- 8. Shinohara R, Thumkeo D, Kamijo H, Kaneko N, Sawamoto K, Watanabe K, Takebayashi H, Kiyonari H, Ishizaki T, Furuyashiki T, Narumiya S. A role for mDia, a Rho-regulated actin nucleator, in tangential migration of interneuron precursors. Nat Neurosci. 2012; 15:373–80, S1–2. https://doi.org/10.1038/nn.3020 [PubMed]
- 9. Goode BL, Eck MJ. Mechanism and function of formins in the control of actin assembly. Annu Rev Biochem. 2007; 76:593–627. https://doi.org/10.1146/annurev.biochem.75.103004.142647 [PubMed]
- 10. Touré F, Fritz G, Li Q, Rai V, Daffu G, Zou YS, Rosario R, Ramasamy R, Alberts AS, Yan SF, Schmidt AM. Formin mDia1 mediates vascular remodeling via integration of oxidative and signal transduction pathways. Circ Res. 2012; 110:1279–93. https://doi.org/10.1161/CIRCRESAHA.111.262519 [PubMed]
- 11. Pan J, Lordier L, Meyran D, Rameau P, Lecluse Y, Kitchen-Goosen S, Badirou I, Mokrani H, Narumiya S, Alberts AS, Vainchenker W, Chang Y. The formin DIAPH1 (mDia1) regulates megakaryocyte proplatelet formation by remodeling the actin and microtubule cytoskeletons. Blood. 2014; 124:3967–77. https://doi.org/10.1182/blood-2013-12-544924 [PubMed]
- 12. Stritt S, Nurden P, Turro E, Greene D, Jansen SB, Westbury SK, Petersen R, Astle WJ, Marlin S, Bariana TK, Kostadima M, Lentaigne C, Maiwald S, et al, and BRIDGE-BPD Consortium. A gain-of-function variant in DIAPH1 causes dominant macrothrombocytopenia and hearing loss. Blood. 2016; 127:2903–14. https://doi.org/10.1182/blood-2015-10-675629 [PubMed]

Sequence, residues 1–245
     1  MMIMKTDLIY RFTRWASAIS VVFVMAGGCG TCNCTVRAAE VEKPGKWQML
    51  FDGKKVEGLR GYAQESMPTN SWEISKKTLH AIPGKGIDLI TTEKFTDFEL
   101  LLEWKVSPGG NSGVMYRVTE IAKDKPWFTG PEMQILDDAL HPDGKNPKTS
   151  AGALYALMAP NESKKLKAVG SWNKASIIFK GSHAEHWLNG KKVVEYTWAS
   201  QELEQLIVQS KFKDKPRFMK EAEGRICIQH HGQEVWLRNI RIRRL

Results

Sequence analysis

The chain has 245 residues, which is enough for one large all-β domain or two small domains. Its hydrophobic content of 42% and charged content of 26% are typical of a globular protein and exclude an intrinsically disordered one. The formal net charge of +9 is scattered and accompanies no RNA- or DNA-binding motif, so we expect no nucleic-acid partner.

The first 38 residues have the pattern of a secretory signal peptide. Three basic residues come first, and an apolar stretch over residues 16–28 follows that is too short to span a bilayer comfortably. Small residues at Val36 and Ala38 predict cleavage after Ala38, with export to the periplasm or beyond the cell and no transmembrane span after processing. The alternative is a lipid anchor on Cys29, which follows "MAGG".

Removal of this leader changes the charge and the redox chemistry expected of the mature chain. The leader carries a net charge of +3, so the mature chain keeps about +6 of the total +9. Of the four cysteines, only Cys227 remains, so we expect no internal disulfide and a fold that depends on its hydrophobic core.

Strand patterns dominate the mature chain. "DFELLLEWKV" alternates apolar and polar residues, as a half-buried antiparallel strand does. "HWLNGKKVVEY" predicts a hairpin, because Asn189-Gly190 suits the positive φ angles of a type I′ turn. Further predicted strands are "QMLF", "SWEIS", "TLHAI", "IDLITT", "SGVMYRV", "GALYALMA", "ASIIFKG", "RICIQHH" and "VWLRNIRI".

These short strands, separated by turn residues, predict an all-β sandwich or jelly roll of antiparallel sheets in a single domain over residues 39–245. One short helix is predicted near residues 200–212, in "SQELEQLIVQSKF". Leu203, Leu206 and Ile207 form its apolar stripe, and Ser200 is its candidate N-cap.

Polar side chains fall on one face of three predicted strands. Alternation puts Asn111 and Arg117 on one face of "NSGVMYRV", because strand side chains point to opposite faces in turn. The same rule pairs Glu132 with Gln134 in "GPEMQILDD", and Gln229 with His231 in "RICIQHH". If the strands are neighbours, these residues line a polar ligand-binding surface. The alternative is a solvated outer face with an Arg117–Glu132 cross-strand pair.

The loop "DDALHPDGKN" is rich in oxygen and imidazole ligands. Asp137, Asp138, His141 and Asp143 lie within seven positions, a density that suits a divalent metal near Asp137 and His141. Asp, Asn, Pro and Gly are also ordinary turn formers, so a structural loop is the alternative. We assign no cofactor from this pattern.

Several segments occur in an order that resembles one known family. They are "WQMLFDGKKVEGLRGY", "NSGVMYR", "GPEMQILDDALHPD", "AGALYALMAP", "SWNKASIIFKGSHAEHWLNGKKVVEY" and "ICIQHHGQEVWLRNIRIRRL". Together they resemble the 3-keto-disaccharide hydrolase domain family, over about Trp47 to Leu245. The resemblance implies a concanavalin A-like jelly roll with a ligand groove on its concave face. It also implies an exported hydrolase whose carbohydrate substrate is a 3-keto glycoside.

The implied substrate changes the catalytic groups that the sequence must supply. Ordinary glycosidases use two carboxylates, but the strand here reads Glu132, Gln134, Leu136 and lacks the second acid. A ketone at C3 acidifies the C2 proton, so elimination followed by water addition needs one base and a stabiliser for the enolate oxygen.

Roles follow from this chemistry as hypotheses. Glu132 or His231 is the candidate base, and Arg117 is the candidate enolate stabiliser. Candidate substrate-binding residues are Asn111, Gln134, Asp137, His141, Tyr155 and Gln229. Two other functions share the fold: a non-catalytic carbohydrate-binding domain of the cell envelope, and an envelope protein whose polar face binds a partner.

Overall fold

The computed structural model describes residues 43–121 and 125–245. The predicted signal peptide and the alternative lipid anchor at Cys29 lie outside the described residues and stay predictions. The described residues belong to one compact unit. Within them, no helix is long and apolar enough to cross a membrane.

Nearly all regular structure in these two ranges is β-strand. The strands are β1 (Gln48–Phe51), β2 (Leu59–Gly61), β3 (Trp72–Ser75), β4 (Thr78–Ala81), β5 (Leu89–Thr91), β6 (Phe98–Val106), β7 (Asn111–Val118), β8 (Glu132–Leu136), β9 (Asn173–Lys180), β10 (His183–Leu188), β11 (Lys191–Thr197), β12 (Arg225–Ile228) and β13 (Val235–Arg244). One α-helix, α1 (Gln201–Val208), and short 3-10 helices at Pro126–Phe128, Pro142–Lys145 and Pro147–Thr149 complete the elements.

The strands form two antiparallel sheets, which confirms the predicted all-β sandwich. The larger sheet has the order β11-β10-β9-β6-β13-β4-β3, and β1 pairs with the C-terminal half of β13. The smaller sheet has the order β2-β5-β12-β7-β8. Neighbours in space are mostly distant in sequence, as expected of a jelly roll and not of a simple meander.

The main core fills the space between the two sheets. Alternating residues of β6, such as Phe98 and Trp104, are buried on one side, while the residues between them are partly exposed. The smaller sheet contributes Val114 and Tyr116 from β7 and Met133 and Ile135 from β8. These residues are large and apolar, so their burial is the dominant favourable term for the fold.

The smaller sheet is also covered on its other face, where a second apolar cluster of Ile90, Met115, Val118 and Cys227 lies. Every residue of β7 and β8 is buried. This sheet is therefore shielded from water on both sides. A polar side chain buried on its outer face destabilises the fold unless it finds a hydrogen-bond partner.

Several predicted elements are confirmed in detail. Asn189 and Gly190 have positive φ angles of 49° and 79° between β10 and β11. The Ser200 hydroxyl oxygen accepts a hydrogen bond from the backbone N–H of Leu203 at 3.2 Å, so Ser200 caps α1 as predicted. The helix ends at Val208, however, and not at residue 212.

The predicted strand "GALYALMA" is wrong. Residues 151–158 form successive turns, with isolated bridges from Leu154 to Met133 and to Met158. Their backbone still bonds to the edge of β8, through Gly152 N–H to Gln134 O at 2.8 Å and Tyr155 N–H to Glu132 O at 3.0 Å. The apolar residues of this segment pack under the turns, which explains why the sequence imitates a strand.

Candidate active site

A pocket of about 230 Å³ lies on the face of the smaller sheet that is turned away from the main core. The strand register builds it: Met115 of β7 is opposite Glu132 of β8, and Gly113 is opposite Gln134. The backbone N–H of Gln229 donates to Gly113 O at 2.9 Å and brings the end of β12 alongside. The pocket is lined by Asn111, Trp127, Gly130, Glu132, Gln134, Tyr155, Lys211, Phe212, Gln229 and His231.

- 13. Al-Maawali A, Barry BJ, Rajab A, El-Quessny M, Seman A, Coury SN, Barkovich AJ, Yang E, Walsh CA, Mochida GH, Stoler JM. Novel loss-of-function variants in DIAPH1 associated with syndromic microcephaly, blindness, and early onset seizures. Am J Med Genet A. 2016; 170A:435–40. https://doi.org/10.1002/ajmg.a.37422 [PubMed]
- 14. Lin YN, Izbicki JR, König A, Habermann JK, Blechner C, Lange T, Schumacher U, Windhorst S. Expression of DIAPH1 is up-regulated in colorectal cancer and its down-regulation strongly reduces the metastatic capacity of colon carcinoma cells. Int J Cancer. 2014; 134:1571–82. https://doi.org/10.1002/ijc.28486 [PubMed]
- 15. O’Shea KM, Ananthakrishnan R, Li Q, Quadri N, Thiagarajan D, Sreejit G, Wang L, Zirpoli H, Aranda JF, Alberts AS, Schmidt AM, Ramasamy R. The Formin, DIAPH1, is a Key Modulator of Myocardial Ischemia/Reperfusion Injury. EBioMedicine. 2017; 26:165–74. https://doi.org/10.1016/j.ebiom.2017.11.012 [PubMed]
- 16. MacLean M, Derk J, Ruiz HH, Juranek JK, Ramasamy R, Schmidt AM. The Receptor for Advanced Glycation End Products (RAGE) and DIAPH1: implications for vascular and neuroinflammatory dysfunction in disorders of the central nervous system. Neurochem Int. 2019; 126:154–64. https://doi.org/10.1016/j.neuint.2019.03.012 [PubMed]